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I’m not sure what provoked such a surge of negativity, but I’ve been receiving an overwhelming flood of messages criticizing me, my weight, and my “hypocritical” support for eating disorder awareness over the course of the past few weeks. What these skeptics don’t realize, though, is that they’re the reason why I’m so passionate about promoting the acceptance of all body types. The actual definition of an eating disorder is any abnormal eating habit that negatively affect a person’s physical or mental health. They can span from the well-known diagnoses of Anorexia and Bulimia to chronic overeating and obesity. Modern society is getting so comfortable with the notion of a real plus-sized woman being beautiful that we forget the spectrum goes both ways. Body shaming in any way, shape, or form shouldn’t be acceptable; just like you’d be chastised for publicly calling someone a hippo, it’s equally as offensive to scream, “Eat a cheeseburger!,” demand to review a private food journal, or verbally label someone as gaunt, sickly, or skeletal, which are three adjectives I’ve personally seen and heard used to describe my physique. For those of you who have read my personal story, you know I’m a relatively tough girl– however, we’re all human, and the scrutinizing of an individual’s weight is in no way constructive to anyone in any phase of eating disorder recovery.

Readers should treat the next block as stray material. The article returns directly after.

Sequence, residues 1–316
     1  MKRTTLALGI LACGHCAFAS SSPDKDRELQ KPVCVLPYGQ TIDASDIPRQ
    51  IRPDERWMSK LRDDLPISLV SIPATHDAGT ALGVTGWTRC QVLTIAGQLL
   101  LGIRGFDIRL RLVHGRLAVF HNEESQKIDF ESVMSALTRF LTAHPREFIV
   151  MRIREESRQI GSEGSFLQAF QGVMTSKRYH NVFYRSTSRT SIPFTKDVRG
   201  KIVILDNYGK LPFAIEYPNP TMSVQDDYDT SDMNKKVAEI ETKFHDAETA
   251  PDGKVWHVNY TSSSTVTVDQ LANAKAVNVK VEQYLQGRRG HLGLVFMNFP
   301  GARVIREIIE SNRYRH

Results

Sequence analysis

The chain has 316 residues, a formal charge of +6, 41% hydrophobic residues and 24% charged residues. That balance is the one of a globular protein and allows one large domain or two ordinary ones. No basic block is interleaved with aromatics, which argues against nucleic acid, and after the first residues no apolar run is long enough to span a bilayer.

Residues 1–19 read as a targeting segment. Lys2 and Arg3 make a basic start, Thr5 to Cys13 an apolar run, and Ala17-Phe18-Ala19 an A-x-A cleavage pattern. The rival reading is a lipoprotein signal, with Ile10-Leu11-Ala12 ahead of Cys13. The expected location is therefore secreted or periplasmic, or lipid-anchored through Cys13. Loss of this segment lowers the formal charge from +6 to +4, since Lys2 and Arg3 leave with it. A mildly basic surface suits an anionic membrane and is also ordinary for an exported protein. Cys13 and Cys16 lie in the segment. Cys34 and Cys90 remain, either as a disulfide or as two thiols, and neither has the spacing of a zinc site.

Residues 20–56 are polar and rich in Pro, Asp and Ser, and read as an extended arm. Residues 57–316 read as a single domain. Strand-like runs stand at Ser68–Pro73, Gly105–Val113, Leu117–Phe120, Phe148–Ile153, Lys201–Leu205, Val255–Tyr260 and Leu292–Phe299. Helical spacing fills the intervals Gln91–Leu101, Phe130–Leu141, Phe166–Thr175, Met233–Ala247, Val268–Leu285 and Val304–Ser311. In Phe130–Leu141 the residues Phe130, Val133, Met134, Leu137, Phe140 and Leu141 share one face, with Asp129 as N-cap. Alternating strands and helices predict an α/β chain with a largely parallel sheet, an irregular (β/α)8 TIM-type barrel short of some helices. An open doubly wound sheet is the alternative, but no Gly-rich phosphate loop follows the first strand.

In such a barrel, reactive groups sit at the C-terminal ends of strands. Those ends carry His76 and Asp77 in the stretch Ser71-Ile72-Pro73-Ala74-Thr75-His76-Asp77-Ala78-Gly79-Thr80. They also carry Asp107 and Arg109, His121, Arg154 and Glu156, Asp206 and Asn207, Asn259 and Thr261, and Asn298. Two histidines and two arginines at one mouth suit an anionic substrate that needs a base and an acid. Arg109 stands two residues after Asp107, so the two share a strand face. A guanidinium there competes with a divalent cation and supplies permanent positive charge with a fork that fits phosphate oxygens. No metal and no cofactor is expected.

Whether you’re allegedly too fat or too skinny is irrelevant; the anonymity of the internet spawns susceptibility to cyber bullying and ridicule, and you’re left with a desire to fulfill the impossible ideal of what others deem as the “perfect body.” The ability to condemn another individual for their lifestyle choices or mental illnesses through an 100% undisclosed medium is beyond destructive to today’s youth– including the bullies, victims, and bystanders inbetween, and I implore these innominate tormentors to consider the damage they’re inflicting. Never assume that something will go unread or unheard and try to imagine how you’d feel if you were on the back end of your psychological attack.